Encana Corporation Post Results: Takeaways for Investors

Encana Corporation (TSX:ECA)(NYSE:ECA) posted quarterly results this week that missed on a number of estimates. Here’s what Investors should look at moving forward.

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The oil industry has had a rough few years. When oil came crashing down from over US$100 per barrel, many oil companies, as well as the loonie, came crashing down with those prices.

In the wake of that new reality, companies such as Calgary-based Encana Corporation. (TSX:ECA)(NYSE:ECA) have been forced to make difficult decisions to rein in costs and improve efficiencies.

The company announced quarterly results this week that left many wondering if an investment in the company is still feasible. Here’s a look at the report and what lies ahead for Encana and investors.

Quarterly report

Encana reported results earlier this week that missed expectations set by analysts. Revenue after royalty payments, which analysts had largely expected to be $892.2 million, came in lower at $753 million. This figure is significantly lower than the first quarter last year when the company posted $1.25 billion.

The company also had an asset write-down of $607 million and an additional $22 million for restructuring charges. The operating loss came in at $0.15 per share, or $130 million. Analysts had expected the company to only post a loss of $0.12 per share.

Despite the results, which were worse than many expected, the company remained optimistic about the year ahead, citing a massive $550 million in year-over-year savings that would be realized.

Encana also made note of the fact that within company’s current inventory of four core assets are wells that are extremely low cost and high performing, which should drive improved results for the company while additional efficiencies and cost-cutting measures are explored.

As recently as February, Encana announced the elimination of one-fifth of the company’s staff–approximately 500 positions based on what staffing levels were towards the end of 2015. The company also slashed the capital spending budget for the year to fall into the US$900 million to US$1 billion range, down from the US$1.5-1.7 billion it was previously.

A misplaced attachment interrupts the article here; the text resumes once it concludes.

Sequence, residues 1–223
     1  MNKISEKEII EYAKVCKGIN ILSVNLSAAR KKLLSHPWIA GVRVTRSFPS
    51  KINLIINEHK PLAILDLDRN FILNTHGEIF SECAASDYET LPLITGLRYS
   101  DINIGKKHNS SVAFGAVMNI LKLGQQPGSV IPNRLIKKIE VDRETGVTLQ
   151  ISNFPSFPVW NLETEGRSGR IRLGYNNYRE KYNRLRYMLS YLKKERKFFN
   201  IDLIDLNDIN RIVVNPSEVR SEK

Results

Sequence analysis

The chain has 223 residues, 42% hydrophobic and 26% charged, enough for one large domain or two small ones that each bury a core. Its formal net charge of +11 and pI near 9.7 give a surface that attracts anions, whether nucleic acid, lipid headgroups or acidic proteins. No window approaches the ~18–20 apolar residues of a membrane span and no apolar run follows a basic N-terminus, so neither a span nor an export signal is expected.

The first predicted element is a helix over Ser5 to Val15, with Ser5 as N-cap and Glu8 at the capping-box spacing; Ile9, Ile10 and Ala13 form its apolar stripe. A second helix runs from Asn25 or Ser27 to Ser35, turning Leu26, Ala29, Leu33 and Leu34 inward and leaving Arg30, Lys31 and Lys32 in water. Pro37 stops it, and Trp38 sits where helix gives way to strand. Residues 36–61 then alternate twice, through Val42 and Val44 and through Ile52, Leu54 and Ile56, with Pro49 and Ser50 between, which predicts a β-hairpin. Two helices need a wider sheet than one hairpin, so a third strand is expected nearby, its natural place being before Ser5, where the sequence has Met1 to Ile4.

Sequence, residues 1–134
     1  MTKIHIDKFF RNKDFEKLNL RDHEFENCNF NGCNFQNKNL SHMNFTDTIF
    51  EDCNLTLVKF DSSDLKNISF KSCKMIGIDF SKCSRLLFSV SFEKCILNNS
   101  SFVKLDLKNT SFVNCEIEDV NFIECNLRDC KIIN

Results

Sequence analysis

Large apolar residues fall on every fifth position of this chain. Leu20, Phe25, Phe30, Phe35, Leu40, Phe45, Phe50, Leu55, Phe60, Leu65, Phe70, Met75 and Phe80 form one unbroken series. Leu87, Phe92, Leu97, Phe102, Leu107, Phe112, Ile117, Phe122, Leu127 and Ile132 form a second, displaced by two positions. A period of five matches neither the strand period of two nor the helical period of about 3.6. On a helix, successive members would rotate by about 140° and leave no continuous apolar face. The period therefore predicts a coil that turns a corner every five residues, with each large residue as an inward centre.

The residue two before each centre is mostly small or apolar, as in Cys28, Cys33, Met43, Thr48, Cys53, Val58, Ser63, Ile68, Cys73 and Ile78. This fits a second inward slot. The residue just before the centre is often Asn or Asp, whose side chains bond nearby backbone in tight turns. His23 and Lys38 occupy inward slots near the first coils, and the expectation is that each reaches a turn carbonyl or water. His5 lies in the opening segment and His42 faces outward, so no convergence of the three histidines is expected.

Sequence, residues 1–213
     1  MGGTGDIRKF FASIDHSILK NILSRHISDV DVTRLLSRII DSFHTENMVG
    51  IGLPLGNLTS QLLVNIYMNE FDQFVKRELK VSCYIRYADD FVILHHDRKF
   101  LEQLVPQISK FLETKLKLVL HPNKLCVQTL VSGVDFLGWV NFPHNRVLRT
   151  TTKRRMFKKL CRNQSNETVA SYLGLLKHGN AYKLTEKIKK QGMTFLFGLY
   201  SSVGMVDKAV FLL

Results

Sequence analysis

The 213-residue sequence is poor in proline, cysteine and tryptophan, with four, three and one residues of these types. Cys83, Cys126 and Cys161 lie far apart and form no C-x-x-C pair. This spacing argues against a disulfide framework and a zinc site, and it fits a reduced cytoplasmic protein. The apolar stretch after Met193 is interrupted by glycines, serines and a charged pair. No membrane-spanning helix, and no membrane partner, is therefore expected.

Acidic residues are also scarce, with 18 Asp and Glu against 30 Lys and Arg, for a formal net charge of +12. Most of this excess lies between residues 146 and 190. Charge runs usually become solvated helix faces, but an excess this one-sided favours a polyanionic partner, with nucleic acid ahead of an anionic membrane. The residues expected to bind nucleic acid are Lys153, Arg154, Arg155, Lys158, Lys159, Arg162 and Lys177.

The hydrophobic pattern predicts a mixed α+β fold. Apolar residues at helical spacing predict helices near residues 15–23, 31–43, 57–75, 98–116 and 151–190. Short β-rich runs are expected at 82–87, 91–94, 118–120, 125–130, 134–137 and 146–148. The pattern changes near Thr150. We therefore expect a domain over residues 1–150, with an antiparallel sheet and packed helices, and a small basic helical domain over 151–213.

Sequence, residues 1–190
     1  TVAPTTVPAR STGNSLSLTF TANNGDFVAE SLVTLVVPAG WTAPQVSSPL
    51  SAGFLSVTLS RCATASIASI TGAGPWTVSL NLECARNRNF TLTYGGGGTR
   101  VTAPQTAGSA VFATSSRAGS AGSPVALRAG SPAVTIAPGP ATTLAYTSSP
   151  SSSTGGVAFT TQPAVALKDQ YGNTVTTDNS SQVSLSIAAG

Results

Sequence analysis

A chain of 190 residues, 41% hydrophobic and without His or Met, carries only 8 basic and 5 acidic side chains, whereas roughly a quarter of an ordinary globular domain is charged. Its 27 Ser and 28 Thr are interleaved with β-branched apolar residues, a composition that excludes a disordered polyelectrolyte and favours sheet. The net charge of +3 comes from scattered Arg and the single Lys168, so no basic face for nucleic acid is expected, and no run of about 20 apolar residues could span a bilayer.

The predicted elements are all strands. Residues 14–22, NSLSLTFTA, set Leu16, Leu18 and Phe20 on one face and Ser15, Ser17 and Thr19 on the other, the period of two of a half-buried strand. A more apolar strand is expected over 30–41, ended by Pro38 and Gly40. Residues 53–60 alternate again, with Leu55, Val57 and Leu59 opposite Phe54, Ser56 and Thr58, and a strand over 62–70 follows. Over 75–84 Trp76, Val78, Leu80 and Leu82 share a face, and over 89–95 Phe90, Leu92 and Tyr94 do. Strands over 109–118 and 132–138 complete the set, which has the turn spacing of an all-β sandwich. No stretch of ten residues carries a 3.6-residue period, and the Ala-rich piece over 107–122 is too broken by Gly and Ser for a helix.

Looking past the quarterly results

After the quarterly announcement, Encana’s stock dropped over 13%, but this could be viewed as good news to those investors looking to buy into the company. Despite the drop, the company is still up over 8% in the past month and up over 36% in the past three months.

The company has worked hard on reducing costs and boosting efficiencies over the past few years. In the past three years staffing levels have been reduced by 50%, which have made a leaner and more cost-effective operation. All that is needed is for demand and oil prices to rise.

Some of the employees that were cut earlier this year were redeployed to other areas of the company that were previously contracted out. Additionally, nearly 4%of the company’s workforce were given the option of a sabbatical, which helped protect nearly 80 jobs.

Is Encana worth the investment?

Encana is a very different company today in comparison to what it was just a year or two ago. The continued weakness in oil prices has forced the company to make difficult decisions and become more efficient. Should oil prices push higher, Encana will be in a very advantageous position.

In my opinion, investors who have a significant appetite for risk may want to consider a small position in the company, which has made considerable cost-cutting strides in the past year and has ambitious plans to do so this year.

The stock price falling this week should be considered with a long-term view; the stock is up for the year, but still down over a longer period. Investors of Encana should be looking at the long term and not at the short-term fluctuations.

This article represents the opinion of the writer, who may disagree with the “official” recommendation position of a Motley Fool premium service or advisor. We’re Motley! Questioning an investing thesis — even one of our own — helps us all think critically about investing and make decisions that help us become smarter, happier, and richer, so we sometimes publish articles that may not be in line with recommendations, rankings or other content.

Fool contributor Demetris Afxentiou has no position in any stocks mentioned.

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